The Dream is Still a Nightmare, Mr. President, and You are NOT Helping
I don’t think Martin Luther King’s dream included a black president endorsing the racist policy of stop and frisk.
In July, after George Zimmerman was acquitted, Obama interrupted a press conference to make a statement, and this is part of what he said:
You know, when Trayvon Martin was first shot I said that this could have been my son. Another way of saying that is Trayvon Martin could have been me 35 years ago. And when you think about why, in the African American community at least, there’s a lot of pain around what happened here, I think it’s important to recognize that the African American community is looking at this issue through a set of experiences and a history that doesn’t go away.
If Obama was a young black man in New York, there is a very good chance he would be stopped and frisked by police, because in New York it’s policy to automatically view young men of color as suspicious and in need of getting their bodies touched by law enforcement. And if a cop was frisking a young Obama, there is also a good chance they would find some marijuana, since we know the president got high as a young man.
Around the same time the president attempted to publicly identify with Trayvon, he also publicly praised Ray Kelly, the NYC police commissioner. This Daily Kos post called the endorsement Stunningly Tone Deaf and Troubling.
The president said: “Kelly has obviously done an extraordinary job in New York,”
So I guess that means the president thinks stop and frisk is good policy, as well as spying on Muslims, which the NYC police is currently being sued for doing, extensively.
What did that surveillance entail, you ask? The Nation has the answer:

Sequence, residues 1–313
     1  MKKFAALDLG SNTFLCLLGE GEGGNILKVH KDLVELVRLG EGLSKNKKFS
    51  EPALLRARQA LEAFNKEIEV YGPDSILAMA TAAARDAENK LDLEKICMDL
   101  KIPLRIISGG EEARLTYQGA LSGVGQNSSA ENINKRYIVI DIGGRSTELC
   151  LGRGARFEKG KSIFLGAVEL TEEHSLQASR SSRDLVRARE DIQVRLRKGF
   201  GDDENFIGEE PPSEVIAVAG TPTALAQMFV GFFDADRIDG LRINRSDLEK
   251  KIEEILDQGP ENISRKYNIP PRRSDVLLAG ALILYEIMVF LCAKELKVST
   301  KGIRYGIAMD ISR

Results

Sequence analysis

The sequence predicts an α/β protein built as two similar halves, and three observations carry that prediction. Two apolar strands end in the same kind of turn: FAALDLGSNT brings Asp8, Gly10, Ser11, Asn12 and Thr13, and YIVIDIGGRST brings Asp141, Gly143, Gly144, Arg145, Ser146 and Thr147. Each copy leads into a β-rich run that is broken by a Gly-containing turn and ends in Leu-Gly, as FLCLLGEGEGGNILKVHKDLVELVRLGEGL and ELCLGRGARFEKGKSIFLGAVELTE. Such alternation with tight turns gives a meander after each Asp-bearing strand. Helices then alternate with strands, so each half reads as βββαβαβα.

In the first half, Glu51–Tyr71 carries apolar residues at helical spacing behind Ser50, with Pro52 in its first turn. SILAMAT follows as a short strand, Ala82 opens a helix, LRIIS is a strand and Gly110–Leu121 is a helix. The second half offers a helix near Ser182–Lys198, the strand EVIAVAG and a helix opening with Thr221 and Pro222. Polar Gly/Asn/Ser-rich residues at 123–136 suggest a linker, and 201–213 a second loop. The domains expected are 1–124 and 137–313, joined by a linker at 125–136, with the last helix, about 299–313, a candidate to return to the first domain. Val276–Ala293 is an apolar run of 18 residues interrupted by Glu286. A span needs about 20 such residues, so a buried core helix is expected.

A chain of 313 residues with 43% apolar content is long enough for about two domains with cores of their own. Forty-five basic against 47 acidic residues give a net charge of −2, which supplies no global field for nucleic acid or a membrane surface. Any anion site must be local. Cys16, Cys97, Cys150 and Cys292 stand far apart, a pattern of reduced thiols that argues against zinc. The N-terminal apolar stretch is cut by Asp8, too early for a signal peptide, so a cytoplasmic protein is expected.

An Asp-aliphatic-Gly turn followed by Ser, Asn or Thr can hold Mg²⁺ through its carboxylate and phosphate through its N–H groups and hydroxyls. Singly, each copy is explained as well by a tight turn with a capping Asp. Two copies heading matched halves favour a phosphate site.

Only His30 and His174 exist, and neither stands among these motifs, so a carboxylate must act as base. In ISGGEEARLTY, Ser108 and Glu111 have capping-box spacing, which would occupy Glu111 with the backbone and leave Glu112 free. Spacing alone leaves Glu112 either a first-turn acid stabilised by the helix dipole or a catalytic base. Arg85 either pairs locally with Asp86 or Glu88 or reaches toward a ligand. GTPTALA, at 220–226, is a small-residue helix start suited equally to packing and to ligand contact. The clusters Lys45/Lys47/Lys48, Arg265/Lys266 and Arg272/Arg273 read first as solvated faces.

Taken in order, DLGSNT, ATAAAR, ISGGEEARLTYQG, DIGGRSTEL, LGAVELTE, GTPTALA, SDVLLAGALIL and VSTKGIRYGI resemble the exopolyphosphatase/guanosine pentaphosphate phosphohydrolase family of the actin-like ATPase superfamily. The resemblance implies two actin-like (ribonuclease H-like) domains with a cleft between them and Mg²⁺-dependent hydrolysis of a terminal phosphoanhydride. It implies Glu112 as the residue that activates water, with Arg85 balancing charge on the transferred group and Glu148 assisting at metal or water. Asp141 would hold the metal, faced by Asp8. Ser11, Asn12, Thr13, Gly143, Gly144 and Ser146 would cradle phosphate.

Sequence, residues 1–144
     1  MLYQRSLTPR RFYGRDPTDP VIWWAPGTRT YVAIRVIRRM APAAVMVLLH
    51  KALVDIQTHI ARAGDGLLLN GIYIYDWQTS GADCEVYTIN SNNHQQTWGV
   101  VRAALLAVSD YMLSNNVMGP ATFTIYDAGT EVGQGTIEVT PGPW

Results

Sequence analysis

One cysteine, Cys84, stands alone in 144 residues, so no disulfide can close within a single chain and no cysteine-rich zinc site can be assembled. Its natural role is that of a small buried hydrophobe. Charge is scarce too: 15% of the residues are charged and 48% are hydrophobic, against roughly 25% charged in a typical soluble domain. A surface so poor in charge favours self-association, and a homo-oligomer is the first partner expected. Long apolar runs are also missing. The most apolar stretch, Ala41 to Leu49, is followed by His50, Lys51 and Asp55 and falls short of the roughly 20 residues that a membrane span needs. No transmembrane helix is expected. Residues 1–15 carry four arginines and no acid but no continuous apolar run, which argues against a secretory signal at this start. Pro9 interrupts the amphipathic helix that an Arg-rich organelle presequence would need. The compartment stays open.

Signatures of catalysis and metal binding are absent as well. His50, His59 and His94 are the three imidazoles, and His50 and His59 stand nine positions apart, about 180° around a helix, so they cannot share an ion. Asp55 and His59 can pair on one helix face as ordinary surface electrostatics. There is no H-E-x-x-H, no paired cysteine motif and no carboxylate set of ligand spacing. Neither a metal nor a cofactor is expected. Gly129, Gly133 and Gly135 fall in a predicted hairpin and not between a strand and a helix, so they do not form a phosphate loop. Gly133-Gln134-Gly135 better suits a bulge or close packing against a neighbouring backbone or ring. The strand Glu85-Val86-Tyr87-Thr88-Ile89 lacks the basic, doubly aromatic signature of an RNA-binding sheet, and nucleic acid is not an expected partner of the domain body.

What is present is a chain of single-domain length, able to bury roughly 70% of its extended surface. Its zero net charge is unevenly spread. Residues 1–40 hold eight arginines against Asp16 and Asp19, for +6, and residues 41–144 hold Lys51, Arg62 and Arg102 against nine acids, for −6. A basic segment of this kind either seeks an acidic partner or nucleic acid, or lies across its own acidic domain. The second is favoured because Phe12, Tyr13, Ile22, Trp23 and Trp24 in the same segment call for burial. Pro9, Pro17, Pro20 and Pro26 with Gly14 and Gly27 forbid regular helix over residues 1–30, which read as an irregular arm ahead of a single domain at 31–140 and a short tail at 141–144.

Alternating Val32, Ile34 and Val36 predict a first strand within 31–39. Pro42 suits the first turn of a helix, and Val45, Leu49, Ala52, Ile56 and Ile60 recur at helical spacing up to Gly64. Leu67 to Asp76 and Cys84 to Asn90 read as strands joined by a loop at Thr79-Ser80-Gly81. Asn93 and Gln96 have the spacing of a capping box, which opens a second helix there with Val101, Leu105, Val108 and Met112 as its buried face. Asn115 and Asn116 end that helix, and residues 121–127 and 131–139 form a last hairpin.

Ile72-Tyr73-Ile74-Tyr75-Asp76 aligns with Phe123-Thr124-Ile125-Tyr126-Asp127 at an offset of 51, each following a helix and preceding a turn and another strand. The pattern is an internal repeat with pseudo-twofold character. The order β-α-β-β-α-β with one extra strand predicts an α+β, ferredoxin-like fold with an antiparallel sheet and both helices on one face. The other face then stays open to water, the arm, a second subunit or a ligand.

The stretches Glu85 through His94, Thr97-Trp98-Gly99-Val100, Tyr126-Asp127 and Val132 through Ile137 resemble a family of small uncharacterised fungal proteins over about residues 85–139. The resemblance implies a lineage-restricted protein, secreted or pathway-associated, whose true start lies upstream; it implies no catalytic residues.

In yet another program developed under the guise of prevention, the department transformed itself into a formidable intelligence agency. The NYPD Intelligence Division indiscriminately spied on Muslim communities and Muslim student associations in New York City, Long Island and throughout the Northeast. In so doing, the NYPD put to use its own 2007 report on radicalization, which correlates increasing religiosity and politicization in Muslims with the potential for terrorism. So the NYPD went whitewater rafting with City College students, worried about “militant paintball trips” at Brooklyn College, and sent undercover operatives to take notes at mosques and ask questions at “ethnic hot spots” like restaurants and bookstores. Despite Kelly’s fierce defense of the program’s necessity, the department admitted that not a single prosecution has resulted out of this wall-to-wall surveillance. Like the stop-and-frisk program, these programs instill fear. Muslim communities have reported decreased mosque attendance, reluctance to engage in “[p]olitical organizing, civil engagement and activism,” and “self-censorship on many religious and political topics.” Kelly’s version of security means no space is sacred, or free of watch, for New York’s Muslims. The message sent to Muslims: you are all suspects, and there is no place you should feel safe.
Bang up job there, Ray. I hope the NYC STASSI enjoyed those terrorist rafting trips.
So how is the dream doing 50 years later? Here are a few tweets from Dave Zirin (The Nation) live-tweeting the commemorative march today:
Just saw hundreds of placards that said “Stop the New Jim Crow” confiscated by Park Police at March on Washington anniv.
Still can’t believe that happened. Printed placards said “End Mass Incarceration. Stop the New Jim Crow” Park Police snatched them.
Two people yelled at Park Police for taking placards. Threatened with arrests. They backed down, feeling cowed at event of empowerment.
Let’s not kid ourselves, for too many, the dream is still a nightmare.